Cohort Profile: The Resilience for Eating and Activity Despite Inequality (READI) study
Timperio, Anna F.
Baur, Louise A.
Jeffery, Robert W.
Crawford, David A.
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CitationBall, K., V. Cleland, J. Salmon, A. F. Timperio, S. McNaughton, L. Thornton, K. Campbell, et al. 2012. “Cohort Profile: The Resilience for Eating and Activity Despite Inequality (READI) Study.” International Journal of Epidemiology 42 (6): 1629–39. https://doi.org/10.1093/ije/dys165.
AbstractThe Resilience for Eating and Activity Despite Inequality (READI) cohort was established to address the following two key aims: to investigate the pathways (personal, social and structural) by which socio-economic disadvantage influences lifestyle choices associated with obesity risk (physical inactivity, poor dietary choices) and to explore mechanisms underlying 'resilience' to obesity risk in socio-economically disadvantaged women and children. A total of 4349 women aged 18-46 years and 685 children aged 5-12 years were recruited from 80 socio-economically disadvantaged urban and rural neighbourhoods of Victoria, Australia, and provided baseline (T1: 2007-08) measures of adiposity, physical activity, sedentary and dietary behaviours; socio-economic and demographic factors; and psychological, social and perceived environmental factors that might impact on obesity risk. Audits of the 80 neighbourhoods were undertaken at baseline to provide objective neighbourhood environmental data. Three-year follow-up data (2010-11) have recently been collected from 1912 women and 382 children. Investigators welcome enquiries regarding data access and collaboration.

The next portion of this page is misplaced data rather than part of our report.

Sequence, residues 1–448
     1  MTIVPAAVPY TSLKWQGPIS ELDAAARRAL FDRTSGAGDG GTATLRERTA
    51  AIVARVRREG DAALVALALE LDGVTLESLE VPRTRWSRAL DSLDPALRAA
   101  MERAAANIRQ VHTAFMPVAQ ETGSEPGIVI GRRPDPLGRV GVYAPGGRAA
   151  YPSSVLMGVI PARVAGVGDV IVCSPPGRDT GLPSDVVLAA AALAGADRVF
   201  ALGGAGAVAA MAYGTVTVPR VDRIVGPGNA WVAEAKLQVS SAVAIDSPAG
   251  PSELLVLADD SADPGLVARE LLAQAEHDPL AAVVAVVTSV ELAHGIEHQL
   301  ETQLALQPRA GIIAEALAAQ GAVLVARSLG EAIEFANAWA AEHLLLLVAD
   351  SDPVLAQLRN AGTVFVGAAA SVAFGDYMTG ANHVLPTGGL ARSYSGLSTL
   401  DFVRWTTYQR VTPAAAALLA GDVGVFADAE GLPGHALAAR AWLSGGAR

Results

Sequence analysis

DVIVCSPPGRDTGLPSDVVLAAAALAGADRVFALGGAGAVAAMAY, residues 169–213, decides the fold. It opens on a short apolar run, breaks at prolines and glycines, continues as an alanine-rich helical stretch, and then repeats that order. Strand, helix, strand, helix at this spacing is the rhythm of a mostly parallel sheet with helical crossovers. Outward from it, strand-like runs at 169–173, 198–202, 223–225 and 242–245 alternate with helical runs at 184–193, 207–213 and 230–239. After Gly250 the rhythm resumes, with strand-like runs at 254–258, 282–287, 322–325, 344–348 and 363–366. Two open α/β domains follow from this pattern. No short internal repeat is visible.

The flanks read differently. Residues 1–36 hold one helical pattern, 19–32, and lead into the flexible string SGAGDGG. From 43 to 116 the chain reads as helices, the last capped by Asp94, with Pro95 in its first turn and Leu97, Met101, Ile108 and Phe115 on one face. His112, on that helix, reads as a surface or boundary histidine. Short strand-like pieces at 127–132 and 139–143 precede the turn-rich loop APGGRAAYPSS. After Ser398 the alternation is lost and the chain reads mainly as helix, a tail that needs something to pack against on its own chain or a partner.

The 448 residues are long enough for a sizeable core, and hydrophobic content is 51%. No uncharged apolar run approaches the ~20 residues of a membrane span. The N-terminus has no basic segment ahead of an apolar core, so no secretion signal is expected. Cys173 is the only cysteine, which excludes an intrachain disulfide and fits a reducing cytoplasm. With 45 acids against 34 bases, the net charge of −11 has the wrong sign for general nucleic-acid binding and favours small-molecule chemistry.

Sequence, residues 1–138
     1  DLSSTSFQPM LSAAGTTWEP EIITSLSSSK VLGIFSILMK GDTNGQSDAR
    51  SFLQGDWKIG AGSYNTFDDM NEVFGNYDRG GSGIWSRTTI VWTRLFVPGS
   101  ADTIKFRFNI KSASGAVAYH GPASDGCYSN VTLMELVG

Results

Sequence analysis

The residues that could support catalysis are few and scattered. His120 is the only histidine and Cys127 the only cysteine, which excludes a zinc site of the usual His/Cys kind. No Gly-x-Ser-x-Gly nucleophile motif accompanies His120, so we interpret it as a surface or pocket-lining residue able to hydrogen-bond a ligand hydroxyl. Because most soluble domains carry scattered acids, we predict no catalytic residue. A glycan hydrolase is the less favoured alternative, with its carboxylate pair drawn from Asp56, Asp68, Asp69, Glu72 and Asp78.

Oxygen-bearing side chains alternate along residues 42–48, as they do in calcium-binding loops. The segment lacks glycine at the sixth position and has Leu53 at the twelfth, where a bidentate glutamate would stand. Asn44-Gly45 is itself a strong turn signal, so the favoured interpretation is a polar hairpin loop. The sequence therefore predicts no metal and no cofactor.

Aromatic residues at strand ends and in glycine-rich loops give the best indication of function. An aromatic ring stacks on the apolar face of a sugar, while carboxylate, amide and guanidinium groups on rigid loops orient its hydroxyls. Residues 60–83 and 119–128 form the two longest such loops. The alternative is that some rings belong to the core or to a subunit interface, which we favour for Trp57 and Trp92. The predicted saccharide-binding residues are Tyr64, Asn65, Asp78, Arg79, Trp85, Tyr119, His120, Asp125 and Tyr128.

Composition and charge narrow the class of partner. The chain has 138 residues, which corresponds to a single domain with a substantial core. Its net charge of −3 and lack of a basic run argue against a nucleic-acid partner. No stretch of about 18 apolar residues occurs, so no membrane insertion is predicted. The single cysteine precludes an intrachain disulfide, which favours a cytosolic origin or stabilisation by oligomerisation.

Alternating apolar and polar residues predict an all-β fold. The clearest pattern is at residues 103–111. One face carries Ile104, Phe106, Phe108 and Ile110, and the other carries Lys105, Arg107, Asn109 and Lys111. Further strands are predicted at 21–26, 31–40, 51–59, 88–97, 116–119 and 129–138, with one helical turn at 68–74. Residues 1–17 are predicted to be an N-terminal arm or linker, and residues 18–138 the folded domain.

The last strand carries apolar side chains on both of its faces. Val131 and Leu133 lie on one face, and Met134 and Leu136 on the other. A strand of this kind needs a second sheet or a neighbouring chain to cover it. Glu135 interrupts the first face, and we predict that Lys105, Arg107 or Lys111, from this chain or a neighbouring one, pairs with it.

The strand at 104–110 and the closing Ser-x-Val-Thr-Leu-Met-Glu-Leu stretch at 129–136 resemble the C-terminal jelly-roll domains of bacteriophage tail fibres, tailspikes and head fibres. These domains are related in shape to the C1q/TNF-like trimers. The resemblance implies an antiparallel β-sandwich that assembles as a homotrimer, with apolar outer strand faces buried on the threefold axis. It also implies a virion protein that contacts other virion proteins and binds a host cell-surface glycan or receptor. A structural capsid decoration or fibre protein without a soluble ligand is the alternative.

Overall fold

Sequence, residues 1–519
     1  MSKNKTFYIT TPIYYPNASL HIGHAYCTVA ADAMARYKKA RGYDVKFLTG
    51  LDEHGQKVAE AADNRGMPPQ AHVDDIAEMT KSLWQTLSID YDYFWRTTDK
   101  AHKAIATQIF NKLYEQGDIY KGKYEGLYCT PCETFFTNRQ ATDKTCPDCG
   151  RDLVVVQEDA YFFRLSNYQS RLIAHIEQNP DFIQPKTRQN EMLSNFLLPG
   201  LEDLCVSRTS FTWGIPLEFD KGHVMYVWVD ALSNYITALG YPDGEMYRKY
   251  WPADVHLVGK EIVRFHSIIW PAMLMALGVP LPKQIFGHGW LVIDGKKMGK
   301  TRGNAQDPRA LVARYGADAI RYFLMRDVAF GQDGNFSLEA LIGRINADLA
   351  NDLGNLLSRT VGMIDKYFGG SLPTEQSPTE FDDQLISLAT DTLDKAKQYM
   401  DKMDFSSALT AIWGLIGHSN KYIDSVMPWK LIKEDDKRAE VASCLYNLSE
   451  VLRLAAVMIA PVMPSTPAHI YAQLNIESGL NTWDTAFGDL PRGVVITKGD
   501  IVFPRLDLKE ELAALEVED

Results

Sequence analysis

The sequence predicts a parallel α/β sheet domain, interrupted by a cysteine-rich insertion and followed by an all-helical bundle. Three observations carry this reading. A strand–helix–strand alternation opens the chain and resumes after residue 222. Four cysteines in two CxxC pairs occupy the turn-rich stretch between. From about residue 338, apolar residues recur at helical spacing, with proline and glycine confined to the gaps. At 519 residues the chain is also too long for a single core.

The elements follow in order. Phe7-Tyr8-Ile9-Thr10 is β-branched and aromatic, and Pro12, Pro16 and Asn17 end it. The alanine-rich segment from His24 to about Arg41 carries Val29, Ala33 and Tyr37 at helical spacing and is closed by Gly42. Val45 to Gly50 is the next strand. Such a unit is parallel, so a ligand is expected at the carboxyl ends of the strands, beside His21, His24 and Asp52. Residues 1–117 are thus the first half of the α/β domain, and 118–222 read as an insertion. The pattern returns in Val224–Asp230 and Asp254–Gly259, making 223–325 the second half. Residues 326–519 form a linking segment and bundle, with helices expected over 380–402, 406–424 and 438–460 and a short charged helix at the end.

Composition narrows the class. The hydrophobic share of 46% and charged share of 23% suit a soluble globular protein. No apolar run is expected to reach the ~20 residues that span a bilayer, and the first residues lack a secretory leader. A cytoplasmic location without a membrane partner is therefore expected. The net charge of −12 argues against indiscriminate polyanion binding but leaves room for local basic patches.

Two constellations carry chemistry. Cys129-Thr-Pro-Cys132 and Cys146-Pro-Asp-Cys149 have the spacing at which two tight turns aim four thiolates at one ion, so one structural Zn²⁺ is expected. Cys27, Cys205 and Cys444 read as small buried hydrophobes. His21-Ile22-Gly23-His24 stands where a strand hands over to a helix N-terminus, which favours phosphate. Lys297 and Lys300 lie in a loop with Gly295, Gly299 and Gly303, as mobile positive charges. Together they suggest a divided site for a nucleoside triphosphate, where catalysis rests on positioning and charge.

Citable link to this pagehttp://nrs.harvard.edu/urn-3:HUL.InstRepos:41275588
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